I am supposed to protect you from all this
I love reading non-fiction and lately I have been reading a lot of memoirs and autobiographical books (Patti Smith’s “Just Kids”, Dave Eggers “A Heartbreaking Work of Staggering Genius”, Julie Doucet’s “My New York Diary”, etc.) and it is clear to me that part of their success stems from them one or two very well defined underlying concepts or themes. Now, I am currently reading Nadja Siegelman’s “I’m supposed to protect you from all this” and, yesterday I started writing this brief text about how much I was really enjoying how there seemed to be no clear or well defined underlying motif or topic. I think it makes it feel more life-like, more chaotic and therefore, more human. On its surface, one might think that its underlying topic is the mother-daughter relation, as it manifests in the relationships between Nadja and her mother, Françoise, and the relationship between Françoise herself and her mother, Josée. It is very tempting also to think of it as the female response to Art Spiegelman’s “Maus”, giving voice to the women excluded from Spiegelman’s story: just as Art’s work uses Art’s father’s memories to frame his own reflections on fatherhood and sonhood, Nadja tries to use her mother (Art’s wife) and her grandmother memories to frame her own reflections on motherhood and daughterhood. But that barely scratches the surface of all that is happening in the book. You see other strong currents underneath the surface: a reflection on class and Bohemia here, a love letter to New York (and Paris) there, etc. Front and center, there is also an interesting treatment of the function of memory and storytelling; on reliability and identity. But any topic or theme one might think bundles all the stories together disappears almost as soon as one tries to trace it across more than a dozen pages or so. Yet, instead of making the text seem like a failure, I think it makes it more honest, closer to how life really is; for in real life, things happen with no reason and no plan, they lead nowhere. I was starting to admire Nadja Spiegelman for respecting the randomness of her story and her history.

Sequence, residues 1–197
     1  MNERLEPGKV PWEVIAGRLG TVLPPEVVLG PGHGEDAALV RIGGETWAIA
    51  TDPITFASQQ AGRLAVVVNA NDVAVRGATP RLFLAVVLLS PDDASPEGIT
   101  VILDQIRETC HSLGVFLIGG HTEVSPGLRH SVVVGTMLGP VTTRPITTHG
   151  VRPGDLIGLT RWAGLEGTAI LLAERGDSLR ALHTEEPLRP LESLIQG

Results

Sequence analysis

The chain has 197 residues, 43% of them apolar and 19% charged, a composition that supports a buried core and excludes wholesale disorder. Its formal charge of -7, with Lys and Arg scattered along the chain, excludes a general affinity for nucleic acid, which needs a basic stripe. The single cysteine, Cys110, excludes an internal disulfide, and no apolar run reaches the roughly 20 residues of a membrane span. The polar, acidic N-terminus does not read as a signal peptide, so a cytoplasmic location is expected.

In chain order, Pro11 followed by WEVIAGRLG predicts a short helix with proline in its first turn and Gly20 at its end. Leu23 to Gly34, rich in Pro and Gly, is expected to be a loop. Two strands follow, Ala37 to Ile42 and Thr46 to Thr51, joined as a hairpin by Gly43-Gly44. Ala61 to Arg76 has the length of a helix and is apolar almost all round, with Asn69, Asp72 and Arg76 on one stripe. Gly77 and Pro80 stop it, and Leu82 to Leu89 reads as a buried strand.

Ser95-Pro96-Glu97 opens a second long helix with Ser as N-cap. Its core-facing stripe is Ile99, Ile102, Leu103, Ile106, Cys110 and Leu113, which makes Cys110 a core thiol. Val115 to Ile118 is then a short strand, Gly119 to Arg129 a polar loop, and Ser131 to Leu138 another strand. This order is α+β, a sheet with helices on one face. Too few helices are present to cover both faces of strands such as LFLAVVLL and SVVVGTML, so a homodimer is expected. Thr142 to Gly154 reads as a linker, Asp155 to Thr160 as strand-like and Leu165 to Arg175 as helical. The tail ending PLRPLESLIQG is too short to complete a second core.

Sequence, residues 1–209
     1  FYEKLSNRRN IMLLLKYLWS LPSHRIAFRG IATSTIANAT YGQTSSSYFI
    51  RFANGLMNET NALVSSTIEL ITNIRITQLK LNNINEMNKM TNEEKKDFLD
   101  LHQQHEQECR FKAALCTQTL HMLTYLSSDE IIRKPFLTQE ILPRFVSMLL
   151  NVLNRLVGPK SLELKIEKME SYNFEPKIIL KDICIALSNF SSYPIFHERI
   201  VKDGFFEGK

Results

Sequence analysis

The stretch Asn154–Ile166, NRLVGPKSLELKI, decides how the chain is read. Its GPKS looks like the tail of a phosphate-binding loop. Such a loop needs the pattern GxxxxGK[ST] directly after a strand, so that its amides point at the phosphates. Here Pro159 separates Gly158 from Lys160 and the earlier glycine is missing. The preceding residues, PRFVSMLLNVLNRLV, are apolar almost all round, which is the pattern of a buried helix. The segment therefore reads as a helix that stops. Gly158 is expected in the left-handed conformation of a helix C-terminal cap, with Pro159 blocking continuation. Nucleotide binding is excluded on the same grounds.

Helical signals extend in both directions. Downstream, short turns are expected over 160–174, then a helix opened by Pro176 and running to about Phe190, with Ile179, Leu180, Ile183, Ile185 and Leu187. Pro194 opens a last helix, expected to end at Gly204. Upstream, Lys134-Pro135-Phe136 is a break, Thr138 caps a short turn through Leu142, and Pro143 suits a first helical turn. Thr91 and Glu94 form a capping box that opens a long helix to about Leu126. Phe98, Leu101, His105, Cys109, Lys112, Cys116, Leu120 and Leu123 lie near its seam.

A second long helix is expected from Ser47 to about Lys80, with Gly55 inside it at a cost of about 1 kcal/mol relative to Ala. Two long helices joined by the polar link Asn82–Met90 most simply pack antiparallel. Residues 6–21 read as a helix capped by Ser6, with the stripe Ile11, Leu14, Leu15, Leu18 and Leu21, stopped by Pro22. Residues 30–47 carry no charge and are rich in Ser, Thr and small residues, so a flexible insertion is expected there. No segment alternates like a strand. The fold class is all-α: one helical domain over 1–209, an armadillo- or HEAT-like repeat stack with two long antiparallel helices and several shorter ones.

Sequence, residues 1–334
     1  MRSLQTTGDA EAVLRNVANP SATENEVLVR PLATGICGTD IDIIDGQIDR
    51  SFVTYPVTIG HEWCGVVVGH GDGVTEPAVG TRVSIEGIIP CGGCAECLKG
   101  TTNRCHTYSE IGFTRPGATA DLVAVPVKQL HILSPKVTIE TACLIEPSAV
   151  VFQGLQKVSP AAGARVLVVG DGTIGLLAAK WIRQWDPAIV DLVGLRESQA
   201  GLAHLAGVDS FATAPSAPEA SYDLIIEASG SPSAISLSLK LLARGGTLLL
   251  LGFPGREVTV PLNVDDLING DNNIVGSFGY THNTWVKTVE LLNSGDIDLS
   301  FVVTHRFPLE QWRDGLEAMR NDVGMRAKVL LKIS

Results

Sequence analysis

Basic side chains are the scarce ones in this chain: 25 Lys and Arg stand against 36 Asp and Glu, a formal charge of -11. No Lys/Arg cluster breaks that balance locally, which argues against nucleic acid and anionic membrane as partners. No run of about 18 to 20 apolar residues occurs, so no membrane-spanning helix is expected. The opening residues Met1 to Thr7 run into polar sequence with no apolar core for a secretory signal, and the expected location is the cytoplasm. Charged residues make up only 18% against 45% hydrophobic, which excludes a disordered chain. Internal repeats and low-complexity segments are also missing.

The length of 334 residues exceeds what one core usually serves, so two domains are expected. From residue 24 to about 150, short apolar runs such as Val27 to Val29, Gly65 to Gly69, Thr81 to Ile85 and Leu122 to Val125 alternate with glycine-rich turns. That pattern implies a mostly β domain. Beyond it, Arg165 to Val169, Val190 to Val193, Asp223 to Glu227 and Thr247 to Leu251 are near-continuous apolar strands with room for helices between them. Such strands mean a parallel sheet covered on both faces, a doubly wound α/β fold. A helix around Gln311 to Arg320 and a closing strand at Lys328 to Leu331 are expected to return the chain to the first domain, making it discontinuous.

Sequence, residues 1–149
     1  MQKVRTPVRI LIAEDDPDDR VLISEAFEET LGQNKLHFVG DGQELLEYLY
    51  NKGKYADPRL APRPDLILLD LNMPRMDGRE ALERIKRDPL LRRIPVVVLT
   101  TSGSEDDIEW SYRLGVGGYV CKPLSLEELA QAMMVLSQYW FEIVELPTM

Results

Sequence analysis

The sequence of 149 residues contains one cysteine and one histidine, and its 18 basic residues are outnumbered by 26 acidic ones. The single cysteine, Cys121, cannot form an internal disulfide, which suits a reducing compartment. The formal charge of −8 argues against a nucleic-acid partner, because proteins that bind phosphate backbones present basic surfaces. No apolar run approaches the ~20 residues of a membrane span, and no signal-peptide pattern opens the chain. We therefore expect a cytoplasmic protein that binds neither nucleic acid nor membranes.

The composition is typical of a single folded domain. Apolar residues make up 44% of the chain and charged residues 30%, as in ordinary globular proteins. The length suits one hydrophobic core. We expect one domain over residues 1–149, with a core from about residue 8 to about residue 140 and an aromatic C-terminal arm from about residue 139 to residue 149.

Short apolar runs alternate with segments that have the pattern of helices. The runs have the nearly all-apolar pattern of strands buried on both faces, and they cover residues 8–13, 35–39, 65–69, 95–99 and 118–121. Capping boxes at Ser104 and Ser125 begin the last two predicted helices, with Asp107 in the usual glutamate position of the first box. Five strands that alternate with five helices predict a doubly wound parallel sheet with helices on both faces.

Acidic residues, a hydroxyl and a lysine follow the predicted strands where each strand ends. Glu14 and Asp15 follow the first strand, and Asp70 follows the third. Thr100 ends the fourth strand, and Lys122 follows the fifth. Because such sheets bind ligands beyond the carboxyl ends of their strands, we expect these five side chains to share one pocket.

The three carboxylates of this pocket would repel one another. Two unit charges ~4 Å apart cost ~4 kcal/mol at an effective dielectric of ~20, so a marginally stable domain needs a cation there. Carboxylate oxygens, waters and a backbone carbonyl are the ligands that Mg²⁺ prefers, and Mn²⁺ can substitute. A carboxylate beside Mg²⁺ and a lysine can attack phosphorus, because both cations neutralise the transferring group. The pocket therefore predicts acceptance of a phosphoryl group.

However, today I kept reading chapter eight and suddenly realised that I was wrong: THERE IS an underlying theme to the book! and it is not even hidden. On the contrary, the theme was right there staring at me the whole time on the book’s title. So, yes, the book is about mother-daughters relations, as one might easily suspect, but it is also about something more specific than that. It is a book about the protection expected from mothers to daughters (and perhaps, also the other way around, in later years). It is about the burden and the expectation of mothers caring and looking after their children, but specially looking after their daughters, for the dangers of the world are heavily stacked against them. Furthermore, it also about the neurosis of knowing that, no matter how much you love them, how much you care for them, how much you devote to their well-being, you can never protect them from it all. things will happen to them, and you will feel powerless, you will feel guilty. You will also try to minimise some of it, and even deny it; it is normal. It is normal to keep thinking “I am supposed to protect you from all this”.